The most significant part of the downtown plan, at least in my view, is the design guidelines to turn the highway into a boulevard. After identifying certain intersections as the cause of traffic bottlenecks, the city decided to widen the four-lane road into six lanes along those intersections. Elsewhere, the highway remains four lanes throughout the downtown core, and is bordered by frontage streets both north and south.
Resembling the side streets used in the street-car era, the new frontage streets allow cars to turn off the highway and park behind planted medians; angled parking is provided for commercial space north of the highway, while parallel parking is provided on the south, in front of new residential development. Sidewalks are available for pedestrians of the highway, and a bicycle path is integrated into one of the medians. In short, the highway has become a street — now known as East Palm Canyon Drive — that can support local merchants, provide access to local housing, and be used by pedestrians and bicyclists. (Caltrans allowed the new traffic signals and other changes to the highway only after surrounding cities gave their permission.)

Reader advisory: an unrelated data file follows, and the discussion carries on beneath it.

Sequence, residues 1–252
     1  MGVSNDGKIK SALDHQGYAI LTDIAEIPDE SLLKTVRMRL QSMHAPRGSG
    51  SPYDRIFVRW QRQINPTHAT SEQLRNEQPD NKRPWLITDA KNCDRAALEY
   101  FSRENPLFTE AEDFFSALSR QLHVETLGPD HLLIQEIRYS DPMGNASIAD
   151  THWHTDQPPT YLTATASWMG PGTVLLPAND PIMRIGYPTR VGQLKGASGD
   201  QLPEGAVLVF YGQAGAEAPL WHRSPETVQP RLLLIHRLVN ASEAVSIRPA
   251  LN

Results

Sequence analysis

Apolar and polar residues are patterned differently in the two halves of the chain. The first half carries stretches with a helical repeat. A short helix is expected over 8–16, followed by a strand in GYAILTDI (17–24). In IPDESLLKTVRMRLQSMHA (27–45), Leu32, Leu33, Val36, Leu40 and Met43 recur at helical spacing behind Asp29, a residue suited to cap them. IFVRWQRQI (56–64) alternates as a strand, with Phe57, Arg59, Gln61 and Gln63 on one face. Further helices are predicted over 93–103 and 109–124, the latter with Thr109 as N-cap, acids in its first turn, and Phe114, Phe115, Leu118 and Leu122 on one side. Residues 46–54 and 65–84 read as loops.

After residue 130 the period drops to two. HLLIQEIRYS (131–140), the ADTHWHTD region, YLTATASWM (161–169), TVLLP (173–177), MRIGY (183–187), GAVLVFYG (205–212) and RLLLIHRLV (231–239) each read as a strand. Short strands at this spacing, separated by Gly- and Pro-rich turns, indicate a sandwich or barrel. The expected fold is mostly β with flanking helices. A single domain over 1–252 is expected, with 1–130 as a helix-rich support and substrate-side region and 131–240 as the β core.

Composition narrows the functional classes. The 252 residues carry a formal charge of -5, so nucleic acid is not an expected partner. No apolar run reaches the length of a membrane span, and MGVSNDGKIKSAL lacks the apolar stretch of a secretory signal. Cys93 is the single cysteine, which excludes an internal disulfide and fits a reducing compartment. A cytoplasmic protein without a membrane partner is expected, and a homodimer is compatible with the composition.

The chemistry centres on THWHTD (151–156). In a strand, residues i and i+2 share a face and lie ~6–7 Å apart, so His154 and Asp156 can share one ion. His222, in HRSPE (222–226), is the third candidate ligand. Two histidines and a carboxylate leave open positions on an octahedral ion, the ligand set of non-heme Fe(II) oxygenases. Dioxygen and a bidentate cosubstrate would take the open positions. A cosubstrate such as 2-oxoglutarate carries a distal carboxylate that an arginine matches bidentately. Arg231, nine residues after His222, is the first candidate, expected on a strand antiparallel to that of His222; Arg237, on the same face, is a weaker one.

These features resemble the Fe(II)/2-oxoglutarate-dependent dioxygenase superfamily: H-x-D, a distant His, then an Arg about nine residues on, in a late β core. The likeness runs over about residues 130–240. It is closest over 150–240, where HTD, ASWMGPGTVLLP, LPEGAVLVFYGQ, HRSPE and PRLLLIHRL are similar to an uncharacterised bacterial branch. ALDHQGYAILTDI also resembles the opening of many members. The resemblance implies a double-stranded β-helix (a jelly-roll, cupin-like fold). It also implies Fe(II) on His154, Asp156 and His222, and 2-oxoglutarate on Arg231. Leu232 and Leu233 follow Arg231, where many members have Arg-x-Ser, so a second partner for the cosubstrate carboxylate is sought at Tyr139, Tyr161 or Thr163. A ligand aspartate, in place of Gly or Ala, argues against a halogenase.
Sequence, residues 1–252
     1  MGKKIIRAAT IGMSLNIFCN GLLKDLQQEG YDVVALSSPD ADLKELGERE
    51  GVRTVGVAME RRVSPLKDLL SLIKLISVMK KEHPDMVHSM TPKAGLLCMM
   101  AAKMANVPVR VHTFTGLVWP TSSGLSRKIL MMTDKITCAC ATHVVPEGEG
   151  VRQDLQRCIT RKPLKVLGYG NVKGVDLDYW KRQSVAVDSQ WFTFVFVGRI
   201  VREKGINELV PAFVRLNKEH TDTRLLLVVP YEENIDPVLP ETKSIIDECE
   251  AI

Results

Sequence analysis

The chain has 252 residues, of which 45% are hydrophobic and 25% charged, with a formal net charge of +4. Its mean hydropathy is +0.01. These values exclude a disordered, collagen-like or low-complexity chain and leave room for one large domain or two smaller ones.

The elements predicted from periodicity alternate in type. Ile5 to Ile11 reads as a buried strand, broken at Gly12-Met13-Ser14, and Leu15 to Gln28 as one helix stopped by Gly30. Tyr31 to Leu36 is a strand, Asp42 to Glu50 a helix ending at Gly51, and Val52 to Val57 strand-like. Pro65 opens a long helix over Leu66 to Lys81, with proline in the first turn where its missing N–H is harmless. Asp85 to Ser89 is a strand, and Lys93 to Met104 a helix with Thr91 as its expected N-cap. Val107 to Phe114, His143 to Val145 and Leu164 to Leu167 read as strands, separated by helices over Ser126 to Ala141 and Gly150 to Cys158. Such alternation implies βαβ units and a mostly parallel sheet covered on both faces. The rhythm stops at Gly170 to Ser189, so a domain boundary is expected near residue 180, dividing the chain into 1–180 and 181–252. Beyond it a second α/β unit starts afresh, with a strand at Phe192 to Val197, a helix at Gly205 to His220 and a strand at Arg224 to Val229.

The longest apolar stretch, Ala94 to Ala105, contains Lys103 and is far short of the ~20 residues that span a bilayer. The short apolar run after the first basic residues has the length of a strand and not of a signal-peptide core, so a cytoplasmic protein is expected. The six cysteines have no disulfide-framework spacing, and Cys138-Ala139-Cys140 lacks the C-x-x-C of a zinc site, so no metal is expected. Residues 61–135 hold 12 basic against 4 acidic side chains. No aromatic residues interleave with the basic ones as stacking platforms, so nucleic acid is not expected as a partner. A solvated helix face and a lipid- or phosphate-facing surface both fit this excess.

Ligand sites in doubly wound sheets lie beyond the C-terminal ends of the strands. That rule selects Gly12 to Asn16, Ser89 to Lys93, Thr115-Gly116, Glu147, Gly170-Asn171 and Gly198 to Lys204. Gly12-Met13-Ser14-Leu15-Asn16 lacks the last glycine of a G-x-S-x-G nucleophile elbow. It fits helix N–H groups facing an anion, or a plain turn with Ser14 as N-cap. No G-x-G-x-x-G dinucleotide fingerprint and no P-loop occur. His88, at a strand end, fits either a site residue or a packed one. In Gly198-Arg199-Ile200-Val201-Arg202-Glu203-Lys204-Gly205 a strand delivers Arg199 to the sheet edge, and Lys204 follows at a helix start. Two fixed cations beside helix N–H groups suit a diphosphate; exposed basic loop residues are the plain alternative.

The new downtown plan has already inspired a new spate of downtown development, including a luxurious Ritz-Carlton, while three retail developers are busy in the civic center area.
Surprisingly or not, Moeller reports that she "has taken a lot of hits," over the project. "A lot of people don't want anything that will slow down the 50-mile-an-hour traffic," she said. I predict (maybe I just hope) that the complaining will stop when the "greensward" landscaping is in place and Cathedral City becomes a highlight of a drive through the Coachella Valley, rather than a stretch of shabbiness in the desert. At any rate, anyone who complains about slower traffic is missing the point about Cathedral City, which represents one solution to the problem of how best to benefit from the highway, while minimizing its destructive aspects. That's worth slowing down a little bit, isn't it? Honk if you love the pedestrian-friendly highway.